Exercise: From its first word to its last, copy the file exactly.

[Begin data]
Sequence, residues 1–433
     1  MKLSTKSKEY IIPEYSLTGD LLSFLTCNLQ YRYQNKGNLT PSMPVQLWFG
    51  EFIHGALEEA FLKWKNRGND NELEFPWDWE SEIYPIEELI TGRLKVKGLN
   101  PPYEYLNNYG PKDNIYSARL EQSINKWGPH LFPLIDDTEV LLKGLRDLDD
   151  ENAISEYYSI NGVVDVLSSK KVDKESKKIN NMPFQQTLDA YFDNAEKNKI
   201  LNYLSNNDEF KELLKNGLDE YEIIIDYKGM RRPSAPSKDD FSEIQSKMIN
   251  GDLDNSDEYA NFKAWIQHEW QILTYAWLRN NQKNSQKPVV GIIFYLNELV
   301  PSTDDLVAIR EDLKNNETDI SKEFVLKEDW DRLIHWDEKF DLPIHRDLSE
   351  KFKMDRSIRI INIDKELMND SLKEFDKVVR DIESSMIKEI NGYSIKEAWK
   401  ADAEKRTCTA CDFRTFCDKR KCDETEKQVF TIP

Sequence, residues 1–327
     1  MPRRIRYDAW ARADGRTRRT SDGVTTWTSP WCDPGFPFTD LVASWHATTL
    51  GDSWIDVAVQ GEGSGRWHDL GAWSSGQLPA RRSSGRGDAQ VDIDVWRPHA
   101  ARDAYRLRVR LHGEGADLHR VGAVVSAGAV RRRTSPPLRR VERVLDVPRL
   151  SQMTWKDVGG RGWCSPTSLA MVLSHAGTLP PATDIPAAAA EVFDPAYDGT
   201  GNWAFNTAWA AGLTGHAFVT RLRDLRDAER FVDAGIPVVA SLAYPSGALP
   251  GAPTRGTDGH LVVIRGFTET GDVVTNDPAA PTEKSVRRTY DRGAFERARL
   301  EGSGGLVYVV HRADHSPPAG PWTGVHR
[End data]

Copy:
Sequence, residues 1–433
     1  MKLSTKSKEY IIPEYSLTGD LLSFLTCNLQ YRYQNKGNLT PSMPVQLWFG
    51  EFIHGALEEA FLKWKNRGND NELEFPWDWE SEIYPIEELI TGRLKVKGLN
   101  PPYEYLNNYG PKDNIYSARL EQSINKWGPH LFPLIDDTEV LLKGLRDLDD
   151  ENAISEYYSI NGVVDVLSSK KVDKESKKIN NMPFQQTLDA YFDNAEKNKI
   201  LNYLSNNDEF KELLKNGLDE YEIIIDYKGM RRPSAPSKDD FSEIQSKMIN
   251  GDLDNSDEYA NFKAWIQHEW QILTYAWLRN NQKNSQKPVV GIIFYLNELV
   301  PSTDDLVAIR EDLKNNETDI SKEFVLKEDW DRLIHWDEKF DLPIHRDLSE
   351  KFKMDRSIRI INIDKELMND SLKEFDKVVR DIESSMIKEI NGYSIKEAWK
   401  ADAEKRTCTA CDFRTFCDKR KCDETEKQVF TIP

Sequence, residues 1–327
     1  MPRRIRYDAW ARADGRTRRT SDGVTTWTSP WCDPGFPFTD LVASWHATTL
    51  GDSWIDVAVQ GEGSGRWHDL GAWSSGQLPA RRSSGRGDAQ VDIDVWRPHA
   101  ARDAYRLRVR LHGEGADLHR VGAVVSAGAV RRRTSPPLRR VERVLDVPRL
   151  SQMTWKDVGG RGWCSPTSLA MVLSHAGTLP PATDIPAAAA EVFDPAYDGT
   201  GNWAFNTAWA AGLTGHAFVT RLRDLRDAER FVDAGIPVVA SLAYPSGALP
   251  GAPTRGTDGH LVVIRGFTET GDVVTNDPAA PTEKSVRRTY DRGAFERARL
   301  EGSGGLVYVV HRADHSPPAG PWTGVHR